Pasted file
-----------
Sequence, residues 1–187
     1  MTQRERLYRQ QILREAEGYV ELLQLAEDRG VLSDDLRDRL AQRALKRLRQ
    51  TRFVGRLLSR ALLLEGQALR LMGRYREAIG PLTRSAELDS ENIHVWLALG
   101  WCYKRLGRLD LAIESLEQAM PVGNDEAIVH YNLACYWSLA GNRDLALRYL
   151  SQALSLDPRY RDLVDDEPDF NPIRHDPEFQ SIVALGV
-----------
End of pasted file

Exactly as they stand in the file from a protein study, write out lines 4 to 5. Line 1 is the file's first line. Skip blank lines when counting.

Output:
   101  WCYKRLGRLD LAIESLEQAM PVGNDEAIVH YNLACYWSLA GNRDLALRYL
   151  SQALSLDPRY RDLVDDEPDF NPIRHDPEFQ SIVALGV